Author: Rich Duprey | January 16, 2018
By air, land, and sea
It's clear the world is more connected today than ever before. Not just digitally, but with real manufactured products, and trade between countries is vital to their survival. According to the most recent data from the International Trade Centre, some $15.9 trillion worth of goods were shipped in 2016, the most current data available, but that is a 3% decline from the year before and a 13% drop from 2012. Flip through to find the top 10 products that countries export by value.
10. Petroleum gases ($183.3 billion)
From natural gas, propane, and butane to ethylene, propylene, and butylene, petroleum gases remained an in-demand product worldwide, though at substantially lower levels than in 2012. These gases saw a 56% decline in exports in 2016, dropping from $295.6 billion. Qatar, however remains the biggest exporter of petroleum gases, shipping over $35 billion worth, though that's 57% less than five years ago.
9. Computers, optical and mechanical readers ($295.8 billion)
Despite our digital interconnectedness, exports of computers, equipment, and software declined nearly 16% in 2016. China was by far the biggest exporter of such goods, shipping some $125 billion worth, over 40% of the total and five times more than the U.S., which was second with $24.3 billion worth of exports.
8. Medication mixes in dosage ($318.8 billion)
Exports of penicillin, antibiotics, insulin, and similar measured dosed medications rose half a percent in value in 2016. Although the U.S. pharmaceutical industry is known for its world-class therapies, it was actually the fifth largest exporter behind France, Belgium, Switzerland, and the world-leader, Germany, which had $48.6 billion worth of exports, though that was down slightly from 2015.
7. Gold (unwrought) ($327.6 billion)
Although still down 31% from its 2013 high, exports of unfinished gold managed to bounce back from the following year's lows and rose 6% in 2016, almost matching the 8% gain of the price of bullion. And though you might think world governments would horde gold, Switzerland was the largest exporter, shipping out $82.3 billion worth, or 6% less than in 2012. In contrast, the U.S. exported 50% less gold in 2016, or $17.6 billion, than it did five years earlier.
6. Auto parts and accessories ($361.9 billion)
The auto industry was notching record growth in the U.S. in 2016, hitting an all-time high of 17.55 million vehicles, as SUVs proved to be the most popular vehicle to buy. Such a rising tide helped boost sales of parts and accessories, too, which saw exports rise 4.2% that year. Yet despite the banner year for the U.S. industry, it was Germany that led the way with the most exports, totaling $56.4 billion worth. The U.S. in second place had $43 billion.
5. Processed petroleum oils ($499.2 billion)
Like petroleum gas, exports of processed petroleum oil also took a serious downturn in 2016, dropping over 50% for the year. The category includes not only gasoline, kerosene, and diesel, but also lubricating oils, waste oils, and the like. Export values were driven lower primarily due to exceptionally low oil prices that year as prices fell from $100 a barrel in 2014 to $40 a barrel two years later. And in what is no longer a surprise, the U.S. was the leading exporter with $62 billion worth, ahead of Russia at $46 billion.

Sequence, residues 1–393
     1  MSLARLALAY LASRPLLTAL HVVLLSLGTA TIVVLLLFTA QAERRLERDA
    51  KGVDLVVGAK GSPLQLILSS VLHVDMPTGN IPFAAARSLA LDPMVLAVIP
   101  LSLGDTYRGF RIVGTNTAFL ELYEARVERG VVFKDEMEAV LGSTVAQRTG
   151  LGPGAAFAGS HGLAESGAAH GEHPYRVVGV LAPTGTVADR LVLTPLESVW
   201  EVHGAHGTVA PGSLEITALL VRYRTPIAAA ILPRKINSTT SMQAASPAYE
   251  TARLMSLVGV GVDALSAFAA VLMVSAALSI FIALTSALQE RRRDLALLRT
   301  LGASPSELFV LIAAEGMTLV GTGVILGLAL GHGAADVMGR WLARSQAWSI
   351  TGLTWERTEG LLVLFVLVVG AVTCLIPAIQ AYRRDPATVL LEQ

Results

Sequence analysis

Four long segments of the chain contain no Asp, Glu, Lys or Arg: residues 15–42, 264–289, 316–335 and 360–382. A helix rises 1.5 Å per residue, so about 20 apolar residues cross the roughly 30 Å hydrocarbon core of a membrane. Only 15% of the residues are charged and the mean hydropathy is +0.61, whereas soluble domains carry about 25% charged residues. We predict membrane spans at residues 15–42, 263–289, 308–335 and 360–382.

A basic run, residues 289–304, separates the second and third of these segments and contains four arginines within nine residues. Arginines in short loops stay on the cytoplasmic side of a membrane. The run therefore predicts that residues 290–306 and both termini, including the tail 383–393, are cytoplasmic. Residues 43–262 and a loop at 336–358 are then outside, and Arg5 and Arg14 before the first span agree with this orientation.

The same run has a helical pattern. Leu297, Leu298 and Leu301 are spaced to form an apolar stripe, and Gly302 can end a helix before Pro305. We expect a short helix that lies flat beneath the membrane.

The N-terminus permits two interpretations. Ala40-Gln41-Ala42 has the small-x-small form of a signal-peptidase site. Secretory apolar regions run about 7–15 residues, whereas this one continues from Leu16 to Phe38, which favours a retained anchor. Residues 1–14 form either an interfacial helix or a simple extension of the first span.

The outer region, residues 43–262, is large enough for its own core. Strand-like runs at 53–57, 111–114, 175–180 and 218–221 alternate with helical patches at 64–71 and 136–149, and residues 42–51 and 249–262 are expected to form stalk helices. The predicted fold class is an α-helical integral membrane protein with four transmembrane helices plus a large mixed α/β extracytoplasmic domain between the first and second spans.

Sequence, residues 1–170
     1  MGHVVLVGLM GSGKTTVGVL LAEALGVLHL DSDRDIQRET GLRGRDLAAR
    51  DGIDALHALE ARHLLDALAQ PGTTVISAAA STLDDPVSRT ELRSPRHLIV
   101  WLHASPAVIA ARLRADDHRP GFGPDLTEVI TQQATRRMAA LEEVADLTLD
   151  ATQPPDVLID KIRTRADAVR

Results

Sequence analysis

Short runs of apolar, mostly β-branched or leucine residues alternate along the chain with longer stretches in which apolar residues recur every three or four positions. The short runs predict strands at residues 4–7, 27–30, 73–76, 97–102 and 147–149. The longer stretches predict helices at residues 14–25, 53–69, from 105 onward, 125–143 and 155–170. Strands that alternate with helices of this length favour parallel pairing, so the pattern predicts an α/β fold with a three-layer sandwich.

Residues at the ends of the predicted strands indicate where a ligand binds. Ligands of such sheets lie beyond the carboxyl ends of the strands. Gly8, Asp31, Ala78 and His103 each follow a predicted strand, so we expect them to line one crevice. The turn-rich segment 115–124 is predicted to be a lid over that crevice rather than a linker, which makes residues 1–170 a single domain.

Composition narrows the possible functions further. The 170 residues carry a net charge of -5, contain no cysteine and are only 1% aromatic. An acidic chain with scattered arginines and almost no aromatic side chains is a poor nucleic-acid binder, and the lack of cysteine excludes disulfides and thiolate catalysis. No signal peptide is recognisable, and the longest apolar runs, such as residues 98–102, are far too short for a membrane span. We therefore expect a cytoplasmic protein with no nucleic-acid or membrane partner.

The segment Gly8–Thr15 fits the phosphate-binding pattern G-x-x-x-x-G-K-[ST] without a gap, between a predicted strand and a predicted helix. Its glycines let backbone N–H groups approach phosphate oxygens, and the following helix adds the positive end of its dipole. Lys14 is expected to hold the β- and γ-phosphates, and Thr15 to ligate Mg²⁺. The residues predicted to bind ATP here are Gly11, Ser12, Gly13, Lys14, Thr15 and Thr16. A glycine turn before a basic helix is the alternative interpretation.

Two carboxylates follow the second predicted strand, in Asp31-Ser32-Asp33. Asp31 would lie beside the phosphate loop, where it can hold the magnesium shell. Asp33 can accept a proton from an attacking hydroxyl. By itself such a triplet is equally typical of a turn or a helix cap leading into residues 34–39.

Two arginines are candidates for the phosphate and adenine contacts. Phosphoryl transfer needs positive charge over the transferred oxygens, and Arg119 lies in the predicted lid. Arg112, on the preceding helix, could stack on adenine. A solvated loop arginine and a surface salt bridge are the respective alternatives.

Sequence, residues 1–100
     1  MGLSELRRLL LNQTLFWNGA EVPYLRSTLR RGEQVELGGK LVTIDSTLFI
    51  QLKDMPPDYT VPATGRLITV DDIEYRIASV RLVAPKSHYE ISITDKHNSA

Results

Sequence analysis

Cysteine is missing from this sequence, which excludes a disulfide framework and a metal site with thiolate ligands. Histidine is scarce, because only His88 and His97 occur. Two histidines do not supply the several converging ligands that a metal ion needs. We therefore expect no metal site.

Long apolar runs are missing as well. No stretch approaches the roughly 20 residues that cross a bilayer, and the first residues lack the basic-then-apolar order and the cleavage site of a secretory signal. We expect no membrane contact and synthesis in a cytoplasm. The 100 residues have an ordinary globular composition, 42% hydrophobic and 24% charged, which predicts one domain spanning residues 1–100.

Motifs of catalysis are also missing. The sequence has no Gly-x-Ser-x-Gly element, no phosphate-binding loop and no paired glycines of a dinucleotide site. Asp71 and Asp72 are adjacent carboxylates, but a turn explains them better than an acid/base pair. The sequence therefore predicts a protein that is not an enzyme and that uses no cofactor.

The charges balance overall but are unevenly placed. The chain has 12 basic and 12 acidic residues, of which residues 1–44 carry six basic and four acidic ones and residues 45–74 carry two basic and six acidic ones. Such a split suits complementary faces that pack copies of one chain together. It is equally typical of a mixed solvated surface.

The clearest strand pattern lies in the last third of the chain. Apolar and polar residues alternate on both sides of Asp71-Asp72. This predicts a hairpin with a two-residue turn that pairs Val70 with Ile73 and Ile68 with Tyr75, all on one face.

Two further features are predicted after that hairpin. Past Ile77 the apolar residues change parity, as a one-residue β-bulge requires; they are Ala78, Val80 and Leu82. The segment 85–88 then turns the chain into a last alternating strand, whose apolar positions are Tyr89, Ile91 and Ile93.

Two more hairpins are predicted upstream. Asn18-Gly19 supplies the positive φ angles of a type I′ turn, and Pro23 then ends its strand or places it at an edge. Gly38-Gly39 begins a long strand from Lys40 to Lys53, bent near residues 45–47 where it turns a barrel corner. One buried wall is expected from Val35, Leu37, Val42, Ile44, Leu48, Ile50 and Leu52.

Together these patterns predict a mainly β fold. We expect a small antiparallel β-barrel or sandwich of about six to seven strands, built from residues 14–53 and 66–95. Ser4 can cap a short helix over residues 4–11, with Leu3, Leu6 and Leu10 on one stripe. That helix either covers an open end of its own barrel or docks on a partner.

4. Phone system devices ($509.1 billion)
It's no surprise that China leads the world in exporting wireless handsets, accounting for 40% of the total, or $201.4 billion. What might raise some eyebrows is the U.S. ranks just fourth with $33.8 billion, putting it behind Vietnam and Hong Kong. In fact, Vietnam is the fastest growing exporter of phone systems, experiencing 39% year over year growth, and is one of only two of the top 10 countries to actually see exports expand that year.
3. Integrated circuits, microassemblies ($531.9 billion)
Computer chips had the best year of any of the top 10 products growing nearly 21% in 2016, and naturally Asia dominated the segment. Hong Kong was tops with $99.5 billion in exports, followed by Taipei, Singapore, China, and South Korea. The U.S. came in sixth place with a little more than a third of what Hong Kong shipped, or $35 billion.
2. Crude oil ($655.3 billion)
As noted previously, with oil prices plunging in 2016, it's not surprising that crude oil experienced the sharpest decline in exports since 2012, tumbling over 60% in value. And though the U.S. has become a leading exporter of gas and processed oils, Saudi Arabia does remain the dominant exporter of crude oil, shipping out $136.2 billion worth, or 85% more than No. 2 Russia. The U.S. is 18th on the list with just $9.4 billion in crude oil exports.
1. Cars ($699.8 billion)
As with car parts and accessories, exports of cars themselves experienced substantial growth since 2012, rising 7.5% in value. Even so, despite the U.S. auto industry's record-breaking year of production, the value of U.S. exports was down 2.8% in 2016 from the year before and 1.3% lower than in 2012. And it was only the third largest exporter. Germany took the top spot with $151.9 billion in exports. Worldwide exports of autos were down a little more than 1% from their peak in 2014 when they hit $709 billion.
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